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Let’s face it: mass-produced, extensively marketed Champagne is all around us: TV shows, billboards, music videos, glossy magazine ads telling us that expensive bubbly wine in a shiny bottle or box is the ultimate representation of luxury and pleasure, the beverage equivalent of a Carnival Cruise. When did we stop viewing this beverage as a wine, an agricultural product with a connection to the land and its farmers, and begin to view it purely as a status symbol? The region is dominated by the so-called “grandes marques,” brands growing rich and fat on the over cropped, heavily sprayed chunk of French vineyard territory known as Champagne. We are told that because blending is at the heart of great Champagne, vineyard work is less important than what takes place in the cellar, where the real artistry of Champagne occurs.
Enter the antidote: Cedric Bouchard, a young grower who has become the poster-child for single vineyard, single variety, single vintage Champagne, a man who has categorically rejected blending and has established a new paradigm for micro-production, terroir-driven grower Champagne. Bouchard began to make wine in 2000, when he took over a small parcel of vines called “les Ursules” from his father, a more traditional Champenois vigneron than Cedric. Rumor has it that Cedric doesn’t actually want to make Champagne, but rather wine (read “still” wine) in Champagne. Because he finds aggressive bubbles - bubbles at all, even - to be a distraction, he bottles using less pressure than usual: 4.5 atmospheres rather than six, which gives a soft and fine mousse to the wines. Ideologically, his wines are far more Burgundian than Champenois: each is the expression of one grape, planted on a miniscule plot, in a given vintage. The wines are made without any dosage and after a recent tasting of the lineup, we would have to agree with our friend Peter Liem that “Bouchard’s wines are among those rare Champagnes that feel perfectly, naturally secure in their dryness, and where the thought of dosage seems even bizarre, as if adding it to a red Burgundy.” Even barrel fermentation, which is presently enjoying popularity amongst Champagne growers, is anathema to Bouchard, who wants no oaky flavor to obscure the terroir he aims to express. The wines are raised in steel or enameled cement.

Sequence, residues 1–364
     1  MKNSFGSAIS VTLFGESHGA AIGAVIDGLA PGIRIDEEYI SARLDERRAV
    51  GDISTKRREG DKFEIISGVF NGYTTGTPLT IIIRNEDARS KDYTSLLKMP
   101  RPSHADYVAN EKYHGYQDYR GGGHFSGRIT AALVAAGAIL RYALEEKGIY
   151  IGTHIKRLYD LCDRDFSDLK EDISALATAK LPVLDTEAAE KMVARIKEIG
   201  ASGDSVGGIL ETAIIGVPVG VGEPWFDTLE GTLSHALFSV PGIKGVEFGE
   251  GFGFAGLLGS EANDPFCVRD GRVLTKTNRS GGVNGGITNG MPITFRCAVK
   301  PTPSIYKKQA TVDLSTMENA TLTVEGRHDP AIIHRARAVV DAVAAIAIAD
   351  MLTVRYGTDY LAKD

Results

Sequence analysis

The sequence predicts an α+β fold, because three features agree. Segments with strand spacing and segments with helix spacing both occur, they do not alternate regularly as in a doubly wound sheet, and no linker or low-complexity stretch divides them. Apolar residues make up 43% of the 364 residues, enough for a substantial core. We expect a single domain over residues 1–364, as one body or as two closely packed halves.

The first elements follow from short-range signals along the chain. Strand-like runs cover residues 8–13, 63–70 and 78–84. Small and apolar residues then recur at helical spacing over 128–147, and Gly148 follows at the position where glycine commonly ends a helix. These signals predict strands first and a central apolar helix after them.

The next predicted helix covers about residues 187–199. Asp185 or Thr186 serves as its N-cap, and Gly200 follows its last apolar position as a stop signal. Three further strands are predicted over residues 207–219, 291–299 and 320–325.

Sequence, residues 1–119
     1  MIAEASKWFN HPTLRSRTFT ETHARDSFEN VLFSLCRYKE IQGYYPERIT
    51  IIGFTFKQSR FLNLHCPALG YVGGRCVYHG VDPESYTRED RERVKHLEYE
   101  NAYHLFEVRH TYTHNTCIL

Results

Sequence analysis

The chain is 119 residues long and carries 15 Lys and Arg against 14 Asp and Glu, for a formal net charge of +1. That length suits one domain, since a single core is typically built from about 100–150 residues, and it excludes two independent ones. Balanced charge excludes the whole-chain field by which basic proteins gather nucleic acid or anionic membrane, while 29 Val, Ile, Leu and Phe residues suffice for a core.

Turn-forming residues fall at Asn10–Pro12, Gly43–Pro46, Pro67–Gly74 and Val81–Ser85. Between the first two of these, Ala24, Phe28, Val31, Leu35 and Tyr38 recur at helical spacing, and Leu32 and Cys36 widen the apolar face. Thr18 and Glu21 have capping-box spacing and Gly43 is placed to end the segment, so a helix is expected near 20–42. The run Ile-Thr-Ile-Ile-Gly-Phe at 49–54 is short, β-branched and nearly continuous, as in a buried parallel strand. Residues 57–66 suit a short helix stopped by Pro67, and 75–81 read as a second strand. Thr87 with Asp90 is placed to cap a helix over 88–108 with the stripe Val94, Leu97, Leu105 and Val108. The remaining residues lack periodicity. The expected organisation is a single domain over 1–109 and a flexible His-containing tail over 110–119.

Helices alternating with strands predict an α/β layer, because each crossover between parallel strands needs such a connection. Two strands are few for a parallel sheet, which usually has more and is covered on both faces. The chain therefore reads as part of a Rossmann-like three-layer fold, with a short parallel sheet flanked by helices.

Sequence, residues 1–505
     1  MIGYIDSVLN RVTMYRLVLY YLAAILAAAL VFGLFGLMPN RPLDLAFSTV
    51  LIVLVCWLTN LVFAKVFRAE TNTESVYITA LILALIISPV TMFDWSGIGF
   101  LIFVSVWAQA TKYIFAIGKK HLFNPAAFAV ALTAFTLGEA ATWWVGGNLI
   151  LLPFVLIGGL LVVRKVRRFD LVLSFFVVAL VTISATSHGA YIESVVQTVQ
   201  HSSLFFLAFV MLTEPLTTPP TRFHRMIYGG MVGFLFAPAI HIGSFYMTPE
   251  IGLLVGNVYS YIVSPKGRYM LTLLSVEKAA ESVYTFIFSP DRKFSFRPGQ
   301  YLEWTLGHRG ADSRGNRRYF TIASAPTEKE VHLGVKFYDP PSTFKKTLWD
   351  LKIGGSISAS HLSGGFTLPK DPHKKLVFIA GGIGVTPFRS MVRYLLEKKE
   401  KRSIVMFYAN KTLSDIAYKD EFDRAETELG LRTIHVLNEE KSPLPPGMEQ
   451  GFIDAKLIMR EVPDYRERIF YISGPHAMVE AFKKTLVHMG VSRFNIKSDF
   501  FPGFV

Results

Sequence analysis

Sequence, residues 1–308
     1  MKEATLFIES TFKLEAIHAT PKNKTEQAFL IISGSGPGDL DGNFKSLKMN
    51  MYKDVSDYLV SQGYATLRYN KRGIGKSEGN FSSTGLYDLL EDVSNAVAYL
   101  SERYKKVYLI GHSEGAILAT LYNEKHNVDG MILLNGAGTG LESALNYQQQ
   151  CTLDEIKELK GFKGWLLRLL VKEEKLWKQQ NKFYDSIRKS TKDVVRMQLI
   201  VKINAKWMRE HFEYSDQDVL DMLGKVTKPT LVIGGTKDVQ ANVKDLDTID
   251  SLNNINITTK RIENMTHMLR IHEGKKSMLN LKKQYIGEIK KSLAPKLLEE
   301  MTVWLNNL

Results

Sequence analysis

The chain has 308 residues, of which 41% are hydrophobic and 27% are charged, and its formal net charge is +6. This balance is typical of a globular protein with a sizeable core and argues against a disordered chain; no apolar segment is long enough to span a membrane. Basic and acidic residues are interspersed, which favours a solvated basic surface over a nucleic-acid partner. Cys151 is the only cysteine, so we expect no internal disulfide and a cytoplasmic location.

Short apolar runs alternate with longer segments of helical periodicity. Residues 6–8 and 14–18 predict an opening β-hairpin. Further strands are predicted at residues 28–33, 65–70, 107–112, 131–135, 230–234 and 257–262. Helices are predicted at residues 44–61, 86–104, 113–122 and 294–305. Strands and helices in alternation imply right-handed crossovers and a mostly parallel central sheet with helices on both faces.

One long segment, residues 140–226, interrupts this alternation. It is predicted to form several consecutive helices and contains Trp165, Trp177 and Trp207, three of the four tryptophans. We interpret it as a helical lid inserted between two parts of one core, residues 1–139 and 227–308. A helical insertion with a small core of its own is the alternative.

Bouchard presently makes two lines of wines: Inflorescence, from vines owned by Cedric’s father, and Roses de Jeanne, wines from Cedric’s own vineyards. The total production of the estate is around 15,000 bottles, not even remotely enough to satisfy the world’s deep thirst for these wines. We have been fortunate enough to receive a generous allocation of Bouchard’s wines this year. The wines clearly warrant the critic’s accolades and, as impressive as the Roses de Jeanne wines are, we’re equally impressed by the two vintages of Inflorescence “Val Vilaine” that we have currently, true values in their category and well worth stocking up on. -msb
The word is 2008 is a great vintage in Champagne. Based on this bottle, we couldn't agree more. This is pure vintage expression Pinot Noir — no wood, no chaptalization, no fining, no filtering, no cold-stabilization and no dosage. The wine has great cut, minerality, and vinosity, and is stunning to drink now if you'd like to get a sense of this man's wines. The wine offers green, leafy notes, subtle purple flowers, and a long, acid and mineral laced finish, which is why we drink Champagne to begin with, right? -msb
"Champagne from Pinot Blanc?!?" you say... And it's true. Bolorée is 100% Pinot Blanc. The interesting thing about this wine is that it's both distinctly Pinot Blanc and distinctly Champagne, with mellow, waxy, yellow fruits, and a textural weight and earthiness. At the same time, the wine has the unmistakably brisk acidity and minerality of Champagne. -msb
Five to eight hundred bottles a year of this wine are produced from a tiny plot of Chardonnay in the Cotes des Bars. For those unfamiliar with his work, Cedric Bouchard, a young idealist in the region, specializes in single terroir, vintage, grape variety Champagnes. In other words, his wines are the antithesis of big house Champagne and are studies in micro-terroir. Haut-Lemblee spends over thirty months on the lees and is extremely dry and complex. The wine shows abundant chalky minerality and a compelling, vinous yeastiness. This vinosity is thought to be the result of a long, slow second fermentation, a process that also results in very fine mousse. -msb
The "basic" wines from Cedric Bouchard, those bottled under the Inflorescence label, are astonishing values in their category. The fruit hails from parcels owned by Cedric's father; however the wines are very much Cedric's: dry, vinous, terroir-expressive beauties. The 2009 vintage of this wine is much more opulent than the '08 was, mouth-filling and robust but with no lack of acidity. In addition to the wine's ripe, apple fruit, there's an intriguing purple flower note: violets and such... The more we drink of this gentleman's wines, the more we relish Inflorescence for giving us a sense of his style without the price tag of the higher end wines. -msb